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Chinese scientists perform genetic surgery to create first single-chromosome yeast
Last Updated: 2018-08-03 00:18 | Xinhua
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Qin Zhongjun, a molecular biologist at the Center for Excellence in Molecular Plant Sciences, Shanghai Institute of Plant Physiology and Ecology, of Chinese Academy of Sciences, introduces his research in Shanghai, east China, Aug. 2, 2018. Brewer's yeast, one-third of whose genome is said to share ancestry with a human's, has 16 chromosomes. However, Chinese scientists have managed to fit nearly all its genetic material into just one chromosome while not affecting the majority of its functions, according to a paper released Thursday on Nature's website. Qin Zhongjun and his team used CRISPR-Cas9 genome-editing to create a single chromosome yeast strain, the paper said. (Xinhua/Zhang Yuwei)

Brewer's yeast, one-third of whose genome is said to share ancestry with humans, has 16 chromosomes. However, Chinese scientists have managed to fit nearly all its genetic material into just one chromosome while not affecting the majority of its functions, according to a paper released Thursday on the website of the journal Nature.

Qin Zhongjun, a molecular biologist at the Center for Excellence in Molecular Plant Sciences of the Shanghai Institute of Plant Physiology and Ecology under the Chinese Academy of Sciences, and his team used CRISPR-Cas9 genome-editing to create a single-chromosome yeast strain, the paper said.

Yeast is a type of eukaryote, which also includes humans, plants, and animals. Humans have 46 chromosomes, whereas male jack jumper ants have just one. It seems that the number of chromosomes of a eukaryote has no correlation with the amount of genetic information they possess, the paper said.

"Our research shows that all the genetic information can be concentrated in just one chromosome," Qin said.

In the past, researchers had fused two yeast chromosomes together, but no one had ever performed the type of extreme genetic surgery that Qin and his colleagues set out to do several years ago.

Using the CRISPR-Cas9, Qin's team removed the DNA at the telomeres, the ends of chromosomes that protect them from degrading. They also snipped out the centromeres, sequences in the middle that are important to DNA replication, the paper said.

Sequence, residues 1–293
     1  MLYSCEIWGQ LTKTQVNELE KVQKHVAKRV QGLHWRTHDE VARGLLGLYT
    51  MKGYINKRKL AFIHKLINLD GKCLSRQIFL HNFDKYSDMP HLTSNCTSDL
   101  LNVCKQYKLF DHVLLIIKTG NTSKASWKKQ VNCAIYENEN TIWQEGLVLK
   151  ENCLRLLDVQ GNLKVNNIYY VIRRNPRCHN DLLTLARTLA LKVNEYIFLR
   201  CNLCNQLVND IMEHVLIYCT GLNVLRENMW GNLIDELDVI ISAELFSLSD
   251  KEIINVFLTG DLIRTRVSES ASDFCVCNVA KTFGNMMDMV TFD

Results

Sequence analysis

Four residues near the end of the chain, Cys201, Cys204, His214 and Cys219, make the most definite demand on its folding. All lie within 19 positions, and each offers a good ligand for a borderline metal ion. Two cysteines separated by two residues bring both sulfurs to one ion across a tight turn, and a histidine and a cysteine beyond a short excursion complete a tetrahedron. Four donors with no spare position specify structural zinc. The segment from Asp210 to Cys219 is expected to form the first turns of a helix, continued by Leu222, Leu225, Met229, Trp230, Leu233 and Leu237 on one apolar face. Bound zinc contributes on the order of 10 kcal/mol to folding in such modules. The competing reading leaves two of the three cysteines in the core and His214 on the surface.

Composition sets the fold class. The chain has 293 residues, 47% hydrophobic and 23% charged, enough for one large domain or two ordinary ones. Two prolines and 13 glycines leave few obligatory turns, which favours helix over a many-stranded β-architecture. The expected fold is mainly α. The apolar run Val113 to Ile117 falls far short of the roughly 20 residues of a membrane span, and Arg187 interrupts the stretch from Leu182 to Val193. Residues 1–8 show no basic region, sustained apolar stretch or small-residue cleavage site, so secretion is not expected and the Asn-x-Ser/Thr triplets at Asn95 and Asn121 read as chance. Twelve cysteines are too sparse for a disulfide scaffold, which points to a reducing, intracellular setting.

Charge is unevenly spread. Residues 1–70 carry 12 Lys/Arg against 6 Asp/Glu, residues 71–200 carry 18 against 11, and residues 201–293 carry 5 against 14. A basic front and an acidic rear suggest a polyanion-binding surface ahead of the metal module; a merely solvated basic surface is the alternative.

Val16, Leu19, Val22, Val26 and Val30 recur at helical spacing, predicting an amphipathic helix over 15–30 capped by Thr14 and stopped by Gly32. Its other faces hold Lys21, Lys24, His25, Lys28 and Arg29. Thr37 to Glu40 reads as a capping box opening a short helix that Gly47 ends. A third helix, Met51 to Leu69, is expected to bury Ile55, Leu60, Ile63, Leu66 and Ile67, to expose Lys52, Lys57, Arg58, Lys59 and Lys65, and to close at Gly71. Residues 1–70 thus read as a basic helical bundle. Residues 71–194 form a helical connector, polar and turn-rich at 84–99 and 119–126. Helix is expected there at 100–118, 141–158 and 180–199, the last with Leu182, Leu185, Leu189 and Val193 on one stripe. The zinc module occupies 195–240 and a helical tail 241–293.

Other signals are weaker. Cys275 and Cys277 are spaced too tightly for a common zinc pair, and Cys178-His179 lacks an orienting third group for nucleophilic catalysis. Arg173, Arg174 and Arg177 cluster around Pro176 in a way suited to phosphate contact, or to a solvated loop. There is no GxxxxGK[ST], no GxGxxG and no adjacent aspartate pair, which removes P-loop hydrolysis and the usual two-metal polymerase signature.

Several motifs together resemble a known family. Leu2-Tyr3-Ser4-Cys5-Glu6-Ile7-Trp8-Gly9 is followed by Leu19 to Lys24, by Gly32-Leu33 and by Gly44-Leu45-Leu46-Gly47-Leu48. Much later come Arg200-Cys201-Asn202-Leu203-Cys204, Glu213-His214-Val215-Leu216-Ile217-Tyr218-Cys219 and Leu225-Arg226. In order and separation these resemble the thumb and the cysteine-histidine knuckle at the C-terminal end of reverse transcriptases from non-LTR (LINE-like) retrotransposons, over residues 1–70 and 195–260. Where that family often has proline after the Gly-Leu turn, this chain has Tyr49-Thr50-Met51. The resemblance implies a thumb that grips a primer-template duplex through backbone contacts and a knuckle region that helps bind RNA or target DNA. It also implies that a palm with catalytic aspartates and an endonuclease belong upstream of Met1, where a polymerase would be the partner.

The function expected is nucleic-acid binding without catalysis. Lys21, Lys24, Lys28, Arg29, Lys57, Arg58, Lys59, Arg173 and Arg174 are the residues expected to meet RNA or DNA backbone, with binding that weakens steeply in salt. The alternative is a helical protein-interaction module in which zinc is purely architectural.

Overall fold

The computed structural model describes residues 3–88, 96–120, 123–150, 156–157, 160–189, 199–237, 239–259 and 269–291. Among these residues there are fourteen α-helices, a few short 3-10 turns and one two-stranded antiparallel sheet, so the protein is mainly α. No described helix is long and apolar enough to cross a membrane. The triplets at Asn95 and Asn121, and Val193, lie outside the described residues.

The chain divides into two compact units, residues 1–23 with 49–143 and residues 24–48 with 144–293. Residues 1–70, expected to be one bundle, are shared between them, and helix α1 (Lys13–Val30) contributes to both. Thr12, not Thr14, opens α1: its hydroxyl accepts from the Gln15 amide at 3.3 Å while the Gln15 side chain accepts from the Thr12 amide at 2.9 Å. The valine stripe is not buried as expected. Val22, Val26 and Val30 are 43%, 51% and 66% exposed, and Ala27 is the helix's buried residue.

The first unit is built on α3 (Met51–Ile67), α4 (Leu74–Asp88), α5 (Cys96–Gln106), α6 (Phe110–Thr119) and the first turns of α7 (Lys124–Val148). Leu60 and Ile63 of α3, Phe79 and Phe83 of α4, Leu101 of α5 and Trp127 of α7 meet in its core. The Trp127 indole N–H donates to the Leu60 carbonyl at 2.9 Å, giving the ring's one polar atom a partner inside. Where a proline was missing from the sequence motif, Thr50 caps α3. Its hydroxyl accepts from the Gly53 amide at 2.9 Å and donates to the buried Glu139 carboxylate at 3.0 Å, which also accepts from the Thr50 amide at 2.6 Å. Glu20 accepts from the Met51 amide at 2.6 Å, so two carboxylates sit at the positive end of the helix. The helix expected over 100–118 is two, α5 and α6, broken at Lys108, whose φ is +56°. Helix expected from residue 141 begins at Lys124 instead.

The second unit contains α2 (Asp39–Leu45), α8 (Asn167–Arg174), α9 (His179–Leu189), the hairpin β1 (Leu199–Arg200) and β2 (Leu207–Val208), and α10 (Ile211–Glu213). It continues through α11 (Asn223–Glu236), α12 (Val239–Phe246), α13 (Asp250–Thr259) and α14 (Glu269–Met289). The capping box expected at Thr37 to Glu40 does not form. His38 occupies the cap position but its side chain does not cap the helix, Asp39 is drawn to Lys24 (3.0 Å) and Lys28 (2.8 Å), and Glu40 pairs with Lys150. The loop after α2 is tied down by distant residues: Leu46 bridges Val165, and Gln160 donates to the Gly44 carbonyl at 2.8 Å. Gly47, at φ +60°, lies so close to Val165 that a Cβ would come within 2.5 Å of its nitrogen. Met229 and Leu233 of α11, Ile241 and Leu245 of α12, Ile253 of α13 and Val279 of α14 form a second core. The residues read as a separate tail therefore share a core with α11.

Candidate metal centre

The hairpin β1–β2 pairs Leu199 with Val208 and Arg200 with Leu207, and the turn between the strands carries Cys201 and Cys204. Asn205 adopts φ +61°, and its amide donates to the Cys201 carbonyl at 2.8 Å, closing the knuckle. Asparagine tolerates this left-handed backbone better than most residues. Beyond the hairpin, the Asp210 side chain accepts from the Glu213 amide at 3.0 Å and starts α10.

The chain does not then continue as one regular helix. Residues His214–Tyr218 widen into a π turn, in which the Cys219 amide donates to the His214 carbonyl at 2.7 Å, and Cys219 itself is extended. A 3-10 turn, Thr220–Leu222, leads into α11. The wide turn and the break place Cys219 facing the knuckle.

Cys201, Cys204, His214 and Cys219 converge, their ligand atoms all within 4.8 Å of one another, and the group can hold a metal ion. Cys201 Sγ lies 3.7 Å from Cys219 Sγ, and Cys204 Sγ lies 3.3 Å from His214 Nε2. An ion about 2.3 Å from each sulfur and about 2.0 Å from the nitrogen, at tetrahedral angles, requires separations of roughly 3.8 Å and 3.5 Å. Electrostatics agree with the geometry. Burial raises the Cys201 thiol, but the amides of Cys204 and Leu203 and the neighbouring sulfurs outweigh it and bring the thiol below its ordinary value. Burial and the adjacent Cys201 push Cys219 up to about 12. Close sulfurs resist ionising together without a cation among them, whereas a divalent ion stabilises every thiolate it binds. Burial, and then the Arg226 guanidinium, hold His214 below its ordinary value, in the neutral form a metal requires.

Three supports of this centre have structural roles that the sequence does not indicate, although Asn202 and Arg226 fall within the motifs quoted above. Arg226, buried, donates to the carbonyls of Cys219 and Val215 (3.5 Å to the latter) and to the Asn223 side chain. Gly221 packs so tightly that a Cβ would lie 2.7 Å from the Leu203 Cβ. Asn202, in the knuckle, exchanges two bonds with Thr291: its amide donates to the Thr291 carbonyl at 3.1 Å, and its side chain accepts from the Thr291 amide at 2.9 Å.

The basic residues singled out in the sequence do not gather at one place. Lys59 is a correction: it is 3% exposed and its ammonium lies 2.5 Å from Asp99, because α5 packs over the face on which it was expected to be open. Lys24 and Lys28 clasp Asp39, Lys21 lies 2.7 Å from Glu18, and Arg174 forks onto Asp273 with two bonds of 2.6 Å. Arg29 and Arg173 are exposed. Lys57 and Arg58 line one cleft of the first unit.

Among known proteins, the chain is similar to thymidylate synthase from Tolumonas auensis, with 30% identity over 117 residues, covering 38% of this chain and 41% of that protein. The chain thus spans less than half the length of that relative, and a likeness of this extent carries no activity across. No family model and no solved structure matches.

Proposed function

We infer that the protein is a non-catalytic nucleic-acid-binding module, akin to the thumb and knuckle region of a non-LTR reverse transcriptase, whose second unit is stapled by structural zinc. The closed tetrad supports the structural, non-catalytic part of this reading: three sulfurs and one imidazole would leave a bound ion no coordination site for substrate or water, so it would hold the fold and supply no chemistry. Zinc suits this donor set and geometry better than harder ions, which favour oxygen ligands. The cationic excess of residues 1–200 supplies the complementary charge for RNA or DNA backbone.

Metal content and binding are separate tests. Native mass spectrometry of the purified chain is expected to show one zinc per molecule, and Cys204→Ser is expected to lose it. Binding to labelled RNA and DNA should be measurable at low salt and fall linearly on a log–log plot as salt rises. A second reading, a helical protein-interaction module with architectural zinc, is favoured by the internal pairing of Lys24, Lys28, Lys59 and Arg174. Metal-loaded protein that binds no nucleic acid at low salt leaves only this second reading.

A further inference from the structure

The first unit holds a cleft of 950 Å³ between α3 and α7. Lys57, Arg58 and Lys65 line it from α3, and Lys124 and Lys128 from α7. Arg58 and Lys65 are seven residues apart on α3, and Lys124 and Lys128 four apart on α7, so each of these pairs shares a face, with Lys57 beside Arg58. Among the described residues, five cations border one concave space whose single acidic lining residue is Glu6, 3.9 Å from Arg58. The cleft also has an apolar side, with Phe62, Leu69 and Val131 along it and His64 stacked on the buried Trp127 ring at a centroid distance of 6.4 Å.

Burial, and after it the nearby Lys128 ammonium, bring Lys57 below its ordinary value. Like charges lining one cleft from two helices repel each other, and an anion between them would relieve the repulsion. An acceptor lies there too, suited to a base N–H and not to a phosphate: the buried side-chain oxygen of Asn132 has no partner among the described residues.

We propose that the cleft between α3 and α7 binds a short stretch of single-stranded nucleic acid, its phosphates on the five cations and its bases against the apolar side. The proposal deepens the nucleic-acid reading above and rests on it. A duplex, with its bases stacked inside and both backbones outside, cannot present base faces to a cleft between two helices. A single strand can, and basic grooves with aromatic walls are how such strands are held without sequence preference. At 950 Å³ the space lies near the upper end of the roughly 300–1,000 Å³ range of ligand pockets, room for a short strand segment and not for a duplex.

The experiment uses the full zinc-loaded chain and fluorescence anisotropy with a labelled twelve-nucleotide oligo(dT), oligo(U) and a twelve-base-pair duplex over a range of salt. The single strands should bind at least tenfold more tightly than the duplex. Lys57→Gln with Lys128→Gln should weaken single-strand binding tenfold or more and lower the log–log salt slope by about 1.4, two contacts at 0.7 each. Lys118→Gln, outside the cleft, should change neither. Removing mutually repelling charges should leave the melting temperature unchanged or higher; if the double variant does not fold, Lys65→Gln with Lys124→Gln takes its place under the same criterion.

First, they fused two chromosomes, then joined this product to another chromosome, and repeated the process in successive rounds until there was only one chromosome left, it said.

Despite the genetic clipping and restructuring, yeast with one "super-chromosome" is similar to natural yeast in cell growth and gene expression, Qin said.

"It overturns the traditional view that gene expression is determined by the structure of chromosomes," he said.

By simplifying a complex genome system, Qin suggested that the research provides a new approach to studying the functions of telomeres.

Earlier research found that the length of telomeres is related to early aging, the formation of tumors, and other diseases. Telomeres shorten as a cell splits, but if telomeres cannot shorten anymore, the cell dies.

"A normal yeast genome has 32 telomeres of various lengths. It is too hard to describe each telomere's changes or reactions to drugs. But with only one chromosome and two telomeres, it will be easier to find the patterns," Qin said.

The research may also pave the way for new man-made species in the future. "Yeast has great tolerance in genetic modification, and it is possible to add new chromosome segments to the genome. Researchers can make bolder attempts," he said.

According to the paper, the change to the chromosome number has little impact on the gene activity. However, the single-chromosome strain produces fewer spores, which are reproductive cells for non-flowering plants, bacteria, fungi, and algae, in sexual reproduction.

"The survival rate of spores produced by a natural yeast strain is 98 percent, while that of ours is 87.5 percent. The gap is not big," Qin said.

The paper also said that Jef Boeke, a geneticist at New York University, and his team submitted their outcome for similar research. They condensed the yeast genome into a pair of chromosomes, but could not fuse the pair into one.

One explanation for the difference is that Qin's team removed 19 repetitive stretches of DNA. Qin suggested these sequences might have interfered with the mechanism that cells use to fuse two chromosomes into one.

The two teams worked independently from each other.

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